Duke Energy: 'Consumer demand' knocks out power to those in cold - FOX Carolina 21

Duke Energy: 'Consumer demand' knocks out power to those in cold

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(File: FOX Carolina) (File: FOX Carolina)

Duke Energy reported thousands of outages across the Upstate and western North Carolina in the wake of frigid temperatures.

And a spokesperson for the utility company said that outages are caused by an increase in "consumer demand" as people try to warm their homes because of the record-breaking temperatures.

Spokesperson Ryan Mosier said the two major Upstate ongoing outages are in Oconee County, where 2,500 customers remain without power, and in northern Greenville County, where about 1,400 customers are without power. He said there are additional scattered outages across the area.

According to Duke's website, almost 3,800 customers were without power at one point in Oconee County on Monday night, with the number lowering to just over 2,500 about 10:30  a.m. Tuesday.

Duke Energy said the low temperatures were to blame for scattered outages, as the cold temperatures put stress on their equipment. Mosier said crews anticipate similar outages again Tuesday night as the temperatures are forecast to fall again.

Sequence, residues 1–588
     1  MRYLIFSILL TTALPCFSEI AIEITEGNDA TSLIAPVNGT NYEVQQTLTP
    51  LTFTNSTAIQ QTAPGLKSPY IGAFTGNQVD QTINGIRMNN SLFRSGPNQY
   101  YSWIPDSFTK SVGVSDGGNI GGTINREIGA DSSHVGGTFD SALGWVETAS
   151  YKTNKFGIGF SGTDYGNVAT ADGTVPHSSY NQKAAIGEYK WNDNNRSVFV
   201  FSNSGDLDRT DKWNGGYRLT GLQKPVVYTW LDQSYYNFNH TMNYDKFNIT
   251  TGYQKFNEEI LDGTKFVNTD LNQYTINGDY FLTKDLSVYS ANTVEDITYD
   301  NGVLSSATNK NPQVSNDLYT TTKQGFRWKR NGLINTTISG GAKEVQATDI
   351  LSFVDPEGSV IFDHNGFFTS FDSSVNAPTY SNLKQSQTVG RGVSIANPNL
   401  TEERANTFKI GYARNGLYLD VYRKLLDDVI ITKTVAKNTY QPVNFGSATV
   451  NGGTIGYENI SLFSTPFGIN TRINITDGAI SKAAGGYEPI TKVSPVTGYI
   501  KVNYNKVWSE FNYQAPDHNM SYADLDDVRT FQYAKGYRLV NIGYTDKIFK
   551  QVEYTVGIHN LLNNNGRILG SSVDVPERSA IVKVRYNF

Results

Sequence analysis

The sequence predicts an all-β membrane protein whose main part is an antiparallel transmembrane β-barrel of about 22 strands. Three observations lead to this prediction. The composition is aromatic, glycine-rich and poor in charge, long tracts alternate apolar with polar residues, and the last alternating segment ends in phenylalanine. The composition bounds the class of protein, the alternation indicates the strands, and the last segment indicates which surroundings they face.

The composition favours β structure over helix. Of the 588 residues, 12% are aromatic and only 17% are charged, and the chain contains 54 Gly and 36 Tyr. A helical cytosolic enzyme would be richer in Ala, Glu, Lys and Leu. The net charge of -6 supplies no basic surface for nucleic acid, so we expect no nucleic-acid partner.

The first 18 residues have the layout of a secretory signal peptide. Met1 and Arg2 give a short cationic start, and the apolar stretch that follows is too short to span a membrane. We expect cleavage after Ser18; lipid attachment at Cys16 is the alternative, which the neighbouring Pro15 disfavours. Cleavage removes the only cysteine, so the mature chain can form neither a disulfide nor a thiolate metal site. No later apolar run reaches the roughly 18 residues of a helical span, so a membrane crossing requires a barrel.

The numbers have fluctuated since Monday night, but several hundred customers in Anderson, Greenville and Spartanburg counties remained without power Tuesday morning. And in western North Carolina, thousands were without power in several counties including Henderson, Rutherford and Transylvania.

Thousands of Duke Energy Progress customers in the mountains were also without power early Tuesday morning. Their website reported more than 4,000 customers without power in the Asheville-Buncombe County area.

Duke suggests checking your supply of flashlights, batteries, bottled water and medicines when the temperatures drop. They also suggest checking on family members, friends and neighbors who have special medical needs during the cold weather.

Mosier said there are few things customers can do to alleviate both their bill and conserve energy to prevent future outages.

  • Select the lowest comfortable heat setting when at home, and bump the thermostat down a degree or two when leaving home.
  • Set ceiling fans to operate in a clockwise direction, which pushes warm air back down into the room.
  • Leave drapes or blinds open to help warm the house.
  • Change air filters regularly because dirty air filters makes a heating system work harder, which uses more energy.

The temperatures dropped to record-breaking levels. FOX Carolina meteorologist Nicole Papay said temperatures registered at 0 degrees about 5 a.m., busting the 3-degree record from 1879. And at Greenville-Spartanburg International Airport, the 1904 record was broken when the temperatures dropped to 8 degrees Tuesday morning.

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